China's Yuan has soared against the US dollar in its biggest post-revaluation daily rise after the central bank signaled a shift in its policy. The Chinese central bank encouraged the jump by setting a very strong daily reference rate or mid-point of 7.3079.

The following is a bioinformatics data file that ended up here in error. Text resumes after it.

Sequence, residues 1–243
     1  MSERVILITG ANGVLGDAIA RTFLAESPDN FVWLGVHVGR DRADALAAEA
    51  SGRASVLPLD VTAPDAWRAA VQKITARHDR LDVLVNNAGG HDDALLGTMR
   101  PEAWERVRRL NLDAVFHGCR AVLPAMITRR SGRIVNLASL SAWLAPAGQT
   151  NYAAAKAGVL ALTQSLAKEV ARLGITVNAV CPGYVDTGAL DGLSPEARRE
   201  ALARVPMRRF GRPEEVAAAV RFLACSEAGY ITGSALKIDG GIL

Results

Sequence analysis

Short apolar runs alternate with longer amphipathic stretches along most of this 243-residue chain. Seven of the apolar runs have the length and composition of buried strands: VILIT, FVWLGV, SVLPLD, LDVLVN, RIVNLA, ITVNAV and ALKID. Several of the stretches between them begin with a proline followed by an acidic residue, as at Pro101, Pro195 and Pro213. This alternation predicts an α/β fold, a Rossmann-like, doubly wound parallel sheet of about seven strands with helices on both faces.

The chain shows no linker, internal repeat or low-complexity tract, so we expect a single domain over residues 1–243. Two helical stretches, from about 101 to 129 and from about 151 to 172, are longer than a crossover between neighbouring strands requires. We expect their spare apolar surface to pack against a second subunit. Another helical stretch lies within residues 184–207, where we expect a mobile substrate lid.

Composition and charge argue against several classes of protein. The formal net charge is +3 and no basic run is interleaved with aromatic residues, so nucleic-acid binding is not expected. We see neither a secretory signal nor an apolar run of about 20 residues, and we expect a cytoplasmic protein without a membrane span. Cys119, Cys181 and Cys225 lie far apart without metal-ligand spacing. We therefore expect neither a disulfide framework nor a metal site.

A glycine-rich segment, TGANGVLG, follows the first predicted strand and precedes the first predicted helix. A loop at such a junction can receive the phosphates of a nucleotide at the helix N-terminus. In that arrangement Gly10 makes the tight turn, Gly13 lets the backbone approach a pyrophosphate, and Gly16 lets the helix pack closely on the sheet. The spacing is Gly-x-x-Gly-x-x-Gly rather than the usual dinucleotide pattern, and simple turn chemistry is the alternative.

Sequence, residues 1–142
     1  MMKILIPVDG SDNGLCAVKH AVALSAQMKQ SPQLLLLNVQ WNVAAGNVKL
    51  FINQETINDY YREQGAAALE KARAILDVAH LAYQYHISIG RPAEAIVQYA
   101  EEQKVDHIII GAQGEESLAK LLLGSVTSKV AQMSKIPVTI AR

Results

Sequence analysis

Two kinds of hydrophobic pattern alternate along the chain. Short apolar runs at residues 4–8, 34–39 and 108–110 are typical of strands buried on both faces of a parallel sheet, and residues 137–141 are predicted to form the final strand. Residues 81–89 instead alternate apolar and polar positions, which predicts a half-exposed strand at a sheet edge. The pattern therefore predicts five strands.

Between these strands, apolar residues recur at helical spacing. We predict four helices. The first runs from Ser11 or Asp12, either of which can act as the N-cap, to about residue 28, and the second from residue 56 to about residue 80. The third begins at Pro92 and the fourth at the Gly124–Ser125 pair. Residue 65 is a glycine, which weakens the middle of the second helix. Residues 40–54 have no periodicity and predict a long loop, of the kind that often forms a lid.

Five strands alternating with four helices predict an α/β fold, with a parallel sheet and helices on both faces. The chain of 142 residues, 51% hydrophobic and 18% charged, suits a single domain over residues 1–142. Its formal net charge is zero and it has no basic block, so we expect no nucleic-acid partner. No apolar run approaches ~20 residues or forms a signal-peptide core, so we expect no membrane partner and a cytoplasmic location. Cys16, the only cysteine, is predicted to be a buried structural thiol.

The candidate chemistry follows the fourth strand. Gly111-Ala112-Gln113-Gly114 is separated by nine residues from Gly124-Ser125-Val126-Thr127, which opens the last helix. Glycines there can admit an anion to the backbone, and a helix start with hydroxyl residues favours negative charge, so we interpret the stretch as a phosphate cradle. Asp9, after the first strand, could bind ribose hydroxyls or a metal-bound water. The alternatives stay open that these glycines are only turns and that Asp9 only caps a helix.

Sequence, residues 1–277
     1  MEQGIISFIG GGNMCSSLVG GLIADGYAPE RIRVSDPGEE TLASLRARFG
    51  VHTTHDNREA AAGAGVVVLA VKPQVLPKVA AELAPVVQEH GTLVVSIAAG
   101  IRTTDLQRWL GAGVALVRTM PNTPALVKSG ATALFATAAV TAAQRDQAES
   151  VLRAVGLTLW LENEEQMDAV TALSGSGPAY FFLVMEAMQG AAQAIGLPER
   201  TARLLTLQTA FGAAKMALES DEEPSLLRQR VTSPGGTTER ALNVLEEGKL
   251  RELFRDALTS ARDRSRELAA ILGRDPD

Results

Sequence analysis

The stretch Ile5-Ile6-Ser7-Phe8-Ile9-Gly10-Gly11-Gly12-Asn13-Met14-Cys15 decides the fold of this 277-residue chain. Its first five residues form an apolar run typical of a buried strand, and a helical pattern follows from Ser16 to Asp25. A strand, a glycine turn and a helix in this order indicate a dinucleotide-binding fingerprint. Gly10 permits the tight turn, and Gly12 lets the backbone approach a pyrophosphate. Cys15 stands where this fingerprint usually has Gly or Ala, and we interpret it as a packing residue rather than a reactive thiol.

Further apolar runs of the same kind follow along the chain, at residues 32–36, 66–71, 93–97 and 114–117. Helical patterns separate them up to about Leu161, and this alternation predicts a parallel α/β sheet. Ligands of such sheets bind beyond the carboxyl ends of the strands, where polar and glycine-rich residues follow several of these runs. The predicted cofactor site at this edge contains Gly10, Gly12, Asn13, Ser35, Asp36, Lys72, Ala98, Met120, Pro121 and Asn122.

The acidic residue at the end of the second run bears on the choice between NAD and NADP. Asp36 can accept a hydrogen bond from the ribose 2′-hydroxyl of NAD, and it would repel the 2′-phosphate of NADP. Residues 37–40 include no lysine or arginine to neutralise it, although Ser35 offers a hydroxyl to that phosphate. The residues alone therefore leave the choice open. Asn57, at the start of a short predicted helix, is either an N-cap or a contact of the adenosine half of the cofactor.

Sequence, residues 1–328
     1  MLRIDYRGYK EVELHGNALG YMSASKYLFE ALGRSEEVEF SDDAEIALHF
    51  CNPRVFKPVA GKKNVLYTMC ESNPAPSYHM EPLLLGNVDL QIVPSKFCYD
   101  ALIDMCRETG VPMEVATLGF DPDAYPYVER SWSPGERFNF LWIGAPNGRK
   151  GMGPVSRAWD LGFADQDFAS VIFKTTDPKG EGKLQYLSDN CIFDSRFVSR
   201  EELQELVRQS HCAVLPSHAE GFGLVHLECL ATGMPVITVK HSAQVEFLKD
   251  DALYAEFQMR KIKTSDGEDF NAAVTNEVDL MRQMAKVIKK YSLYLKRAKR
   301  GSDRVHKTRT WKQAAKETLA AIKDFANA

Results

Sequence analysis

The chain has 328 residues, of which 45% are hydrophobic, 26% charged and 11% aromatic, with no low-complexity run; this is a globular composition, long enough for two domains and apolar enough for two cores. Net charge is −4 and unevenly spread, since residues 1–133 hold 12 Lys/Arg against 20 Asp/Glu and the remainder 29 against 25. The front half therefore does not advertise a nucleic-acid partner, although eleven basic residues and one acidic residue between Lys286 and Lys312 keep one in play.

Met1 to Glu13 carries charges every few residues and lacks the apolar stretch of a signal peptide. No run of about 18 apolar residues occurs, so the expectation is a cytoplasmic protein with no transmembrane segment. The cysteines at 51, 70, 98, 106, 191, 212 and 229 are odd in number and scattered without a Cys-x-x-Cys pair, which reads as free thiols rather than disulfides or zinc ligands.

"The extraordinarily strong mid-points seen this week are a clear signal of faster appreciation of the Yuan in the coming year," said a bank trader. The currency climbed 0.37% after the official China Securities Journal cited Ba Shusong, a cabinet researcher, calling for appreciation to curb prices of imported fuel and food. The Yuan may gain by a "big margin" Yao Jingyuan, chief economist of the National Bureau of Statistics, told a seminar in Beijing. "The economy is overheating in at least some regions", Yu Yongding, the director of the World Economics and Politics Institute in Beijing and a former central bank monetary policy committee member was quoted in an interview. "The central bank now has more room to let the Yuan rate float with more flexibility". The Yuan gained as much as 0.41% to 7.3131 per dollar before trading at 7.3162 as of the Thursday close in Shanghai, according to the China Foreign Exchange Trade System. The average daily fluctuation this week of 0.28% is three times larger than last week's. The currency's 6.7% gain versus the dollar this year is twice as much as last year's 3.3% advance. A 10% appreciation in the Yuan against the dollar would reduce the import prices of oil, soybeans and pork by about 10%, Ba, a deputy director at the State Council Development and Research Center, was cited as saying by the China Securities newspaper. "The Yuan may gain by big margin, which will help lower import costs and curb low-end exports'' the statistical bureau's Yao said. China's central bank in a December 21 statement said it plans "forceful measures" to limit money supply, including a more flexible exchange rate. The market will play a "much" bigger role in setting the Yuan's value, policy makers said after a quarterly monetary policy meeting. But while the Yuan gained against the dollar this year, it fell against 7 of the world's 17 most-active currencies. It slid 3% per Euro, 11% versus the Canadian dollar and 13% against the Brazilian real, pushing up import costs. The central bank this month raised rates for a sixth time this year to rein in credit growth, and lifted the reserve ratio to the highest in at least 20 years. The economy expanded 11.5% in the third quarter and consumer prices rose 6.9% in November from a year-earlier. Forward contracts show traders are betting on an 8.7% advance in the Yuan to 6.7344 per dollar in the next 12 months. China's trade surplus which surged 52% in the 11 months through November to 238.1 billion US dollars has driven foreign exchange reserves to record 1.46 trillion US dollars making it difficult for the government to slow growth and tame asset-price inflation.